Monday Author: Susanne Skinner
i carry your heart (i carry it in my heart) ~ e.e. cummings
She was a one-of-a-kind mom and a force to be reckoned with. Other kid’s moms had backbones made from the usual stuff but my mom’s was made of solid steel. It did not break and it almost never bent. She was a one-of-a kind Mom who was the CEO, Treasurer, and Human Resource Manager of our family. She made sure we grew up to be self-sufficient, ingenious and curious human beings.
Mom was born into the depression with a future defined by her own initiative and resourcefulness. Her dreams led to a career as an Army combat nurse in World War II and the Korean War. She saw things no one should see and for better or worse it shaped her into the woman who became my mom. She had led an unusual and interesting life by the time I arrived; influencing her parenting style and my upbringing.
The Lady of the House
She ruled with an iron hand and commanded our attention. While my Dad did not suffer fools gladly, Mom did not suffer them at all. She was the disciplinarian and dispensed justice without pity. When her mind was made up it stayed that way. Even when she was wrong she was right! She was our very own Judge Judy but called her Helen. No one ever committed the same crime twice in her court room.
Helen had Super Powers that included mind reading, X-ray vision and supersonic hearing. Her ability to hear an eyeball roll behind a closed door and detect a lie—even a little white lie—was legend. Attempts to circumvent her expertise failed miserably. You always knew where you stood with her.
My Mom went to college—quite an accomplishment for a woman in the 1940s. She graduated with a degree in nursing and reported for duty as a newly commissioned Second LieutenantLt at Fort Ord California. Not long afterward she found herself on her way to World War II.
The Army Nurse Corps listed fewer than 1,000 nurses on its rolls in December of 1941. Six months after the Japanese bombed Pearl Harbor, there were 12,000 nurses on duty with the majority of them unfamiliar with military protocol. The Army created a six-week training program to indoctrinate them in field sanitation; air, chemical, and mechanized attacks; military requisitions and communications. When the war ended, 150,000 nurses were combat trained, much of it on the job. She had a brief respite in Tokyo before being sent to one of the newly established M.A.S.H units in Korea.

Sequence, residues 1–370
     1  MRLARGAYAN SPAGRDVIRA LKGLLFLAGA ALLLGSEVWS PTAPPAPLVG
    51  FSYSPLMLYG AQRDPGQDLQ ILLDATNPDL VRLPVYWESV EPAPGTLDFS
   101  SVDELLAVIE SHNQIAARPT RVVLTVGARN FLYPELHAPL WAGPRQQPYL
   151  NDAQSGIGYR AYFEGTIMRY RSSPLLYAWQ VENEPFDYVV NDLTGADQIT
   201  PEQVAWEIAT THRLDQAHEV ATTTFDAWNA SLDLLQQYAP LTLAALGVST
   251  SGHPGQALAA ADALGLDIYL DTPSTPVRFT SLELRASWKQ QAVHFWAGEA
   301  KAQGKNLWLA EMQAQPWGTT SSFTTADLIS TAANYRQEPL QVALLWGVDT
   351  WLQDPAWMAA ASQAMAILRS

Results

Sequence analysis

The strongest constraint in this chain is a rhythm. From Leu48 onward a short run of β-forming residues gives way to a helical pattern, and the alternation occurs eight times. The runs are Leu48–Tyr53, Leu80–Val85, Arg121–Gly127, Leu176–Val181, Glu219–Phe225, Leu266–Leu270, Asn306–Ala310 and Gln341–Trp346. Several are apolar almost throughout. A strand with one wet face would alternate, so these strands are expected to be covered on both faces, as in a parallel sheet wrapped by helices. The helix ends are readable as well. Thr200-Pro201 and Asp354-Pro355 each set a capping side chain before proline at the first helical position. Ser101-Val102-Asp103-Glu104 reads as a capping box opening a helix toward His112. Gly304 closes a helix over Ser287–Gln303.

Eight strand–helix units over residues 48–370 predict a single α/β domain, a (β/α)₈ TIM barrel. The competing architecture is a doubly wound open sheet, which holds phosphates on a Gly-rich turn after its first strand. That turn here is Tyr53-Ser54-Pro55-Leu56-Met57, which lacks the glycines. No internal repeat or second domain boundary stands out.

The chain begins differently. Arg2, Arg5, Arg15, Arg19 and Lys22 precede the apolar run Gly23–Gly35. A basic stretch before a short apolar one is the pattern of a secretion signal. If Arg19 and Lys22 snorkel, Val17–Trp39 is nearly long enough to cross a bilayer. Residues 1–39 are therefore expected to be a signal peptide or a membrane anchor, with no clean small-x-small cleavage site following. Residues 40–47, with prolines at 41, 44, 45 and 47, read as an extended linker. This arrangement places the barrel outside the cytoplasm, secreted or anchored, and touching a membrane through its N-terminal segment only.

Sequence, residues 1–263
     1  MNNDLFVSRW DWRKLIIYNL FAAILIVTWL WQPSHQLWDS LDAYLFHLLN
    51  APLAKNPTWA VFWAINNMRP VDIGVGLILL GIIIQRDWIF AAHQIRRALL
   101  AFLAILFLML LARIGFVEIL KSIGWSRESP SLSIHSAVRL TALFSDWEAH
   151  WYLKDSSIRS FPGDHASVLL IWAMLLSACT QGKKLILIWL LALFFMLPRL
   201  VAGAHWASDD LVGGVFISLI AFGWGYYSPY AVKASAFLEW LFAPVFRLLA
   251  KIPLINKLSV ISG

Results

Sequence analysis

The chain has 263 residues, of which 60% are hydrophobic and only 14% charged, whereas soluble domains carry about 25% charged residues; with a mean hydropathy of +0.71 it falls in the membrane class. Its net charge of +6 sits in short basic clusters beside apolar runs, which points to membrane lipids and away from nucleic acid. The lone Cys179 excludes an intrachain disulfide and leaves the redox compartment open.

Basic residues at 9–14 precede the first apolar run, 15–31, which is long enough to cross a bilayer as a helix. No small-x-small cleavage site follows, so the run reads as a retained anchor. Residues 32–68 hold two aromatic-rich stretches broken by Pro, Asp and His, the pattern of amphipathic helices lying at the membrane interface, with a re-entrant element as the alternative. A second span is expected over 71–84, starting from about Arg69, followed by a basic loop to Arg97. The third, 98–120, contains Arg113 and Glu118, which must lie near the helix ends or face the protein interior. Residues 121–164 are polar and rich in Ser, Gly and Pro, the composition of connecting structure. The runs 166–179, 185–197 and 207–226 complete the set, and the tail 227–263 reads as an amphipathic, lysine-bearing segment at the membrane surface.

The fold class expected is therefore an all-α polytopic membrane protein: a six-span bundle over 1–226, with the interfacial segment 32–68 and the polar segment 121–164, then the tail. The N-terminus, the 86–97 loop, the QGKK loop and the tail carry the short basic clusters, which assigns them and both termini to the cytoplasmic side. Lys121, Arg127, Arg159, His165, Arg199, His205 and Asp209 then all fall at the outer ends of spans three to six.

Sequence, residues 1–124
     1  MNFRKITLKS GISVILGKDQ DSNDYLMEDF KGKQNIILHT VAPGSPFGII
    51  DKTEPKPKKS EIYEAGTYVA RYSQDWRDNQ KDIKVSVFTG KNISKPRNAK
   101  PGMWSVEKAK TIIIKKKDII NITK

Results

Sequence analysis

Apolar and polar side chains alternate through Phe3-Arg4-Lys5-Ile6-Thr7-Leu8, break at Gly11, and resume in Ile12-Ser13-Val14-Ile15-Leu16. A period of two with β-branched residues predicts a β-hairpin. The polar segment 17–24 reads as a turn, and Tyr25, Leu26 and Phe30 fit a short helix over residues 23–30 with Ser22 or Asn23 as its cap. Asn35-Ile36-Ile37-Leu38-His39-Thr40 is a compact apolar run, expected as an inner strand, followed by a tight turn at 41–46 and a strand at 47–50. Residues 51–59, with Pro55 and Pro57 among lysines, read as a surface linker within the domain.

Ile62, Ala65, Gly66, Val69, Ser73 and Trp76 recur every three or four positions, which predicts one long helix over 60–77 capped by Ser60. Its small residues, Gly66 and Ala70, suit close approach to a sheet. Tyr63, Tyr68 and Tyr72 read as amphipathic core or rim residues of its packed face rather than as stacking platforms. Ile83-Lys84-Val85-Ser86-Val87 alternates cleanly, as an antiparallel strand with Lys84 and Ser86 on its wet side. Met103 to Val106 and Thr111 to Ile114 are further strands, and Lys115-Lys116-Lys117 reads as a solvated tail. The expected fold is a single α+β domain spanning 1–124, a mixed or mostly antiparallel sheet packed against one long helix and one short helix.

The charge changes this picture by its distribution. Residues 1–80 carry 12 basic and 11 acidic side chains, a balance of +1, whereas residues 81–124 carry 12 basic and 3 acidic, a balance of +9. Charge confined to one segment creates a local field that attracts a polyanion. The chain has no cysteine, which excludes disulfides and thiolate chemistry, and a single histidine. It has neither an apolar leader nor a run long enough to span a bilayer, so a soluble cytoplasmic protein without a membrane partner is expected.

Is There a Doctor in the House?
Serving in a field army hospital made my mother a triage expert. She instinctively knew when something was wrong and what to do. She saved my sister’s life when she choked on a Life Saver, drove me to the hospital and demanded a surgeon because she knew I had a ruptured appendix (I did) and saved a classmate’s life when she diagnosed alcohol poisoning. I saw her perform CPR on a neighbor’s husband and stood in awe when she suspected the lung cancer that claimed her life.
Helen would have made a great doctor. She kept her knowledge current through medical subscriptions and the latest reference books. In our house we had Grey’s Anatomy and The Physician’s Desk Reference where other moms had cookbooks. When we were kids she kept a stethoscope in the bathroom, an injection syringe in the kitchen cupboard and penicillin in the refrigerator. She knew how to use all three.
Mom had a sixth sense about people. She could detect insincerity and deceit, but also goodness and compassion. She approved of the man I chose to be my husband with the words “hang on to him, he’s a keeper” and to the man himself “good luck to you, you’ll need it.”
I admired her tenacity and ability to stare down a difficult situation. I never saw her cry, but felt her sadness and saw her kindness towards others. She was practical, pragmatic, and efficient. I inherited her resolve—some would say stubbornness –and her desire to embrace life.
One of a Kind
My father’s influence was tangible and demanded action, but my mother’s life lessons came in the form of rhetorical questions. Mom was a master at asking a question wrapped around a judgment. She challenged me to look beyond myself, and I am forever grateful to her. Here are three of my favorites:
1. Where do you think you’re going dressed like that?
My mother was an impeccable dresser and valued first impressions. She understood the importance of quality, style and class. I never leave the house without a look in the full length mirror and her voice in my head.
2. Do you think I was born yesterday?
None of us could fool her (we all tried), but this was really about her expectation that you must never fool yourself or anyone else into thinking you are something or someone you’re not.
3. Who do you think you are?
I am certain this had its origin in situations where I pushed the proverbial envelope. Over time it became the genesis for a periodic self-evaluation of the person I was and the person I did not wish to become. I still ask myself this question and sometimes the answers surprise me.
If I had the opportunity to spend thirty minutes on a park bench with anyone it would be my mom. I would want her to know me today. I’d look at her and say “See, I was listening. You taught me well and I passed your wisdom down with exceptional results.”
Oh, and that eyeball roll thing… totally nailed it.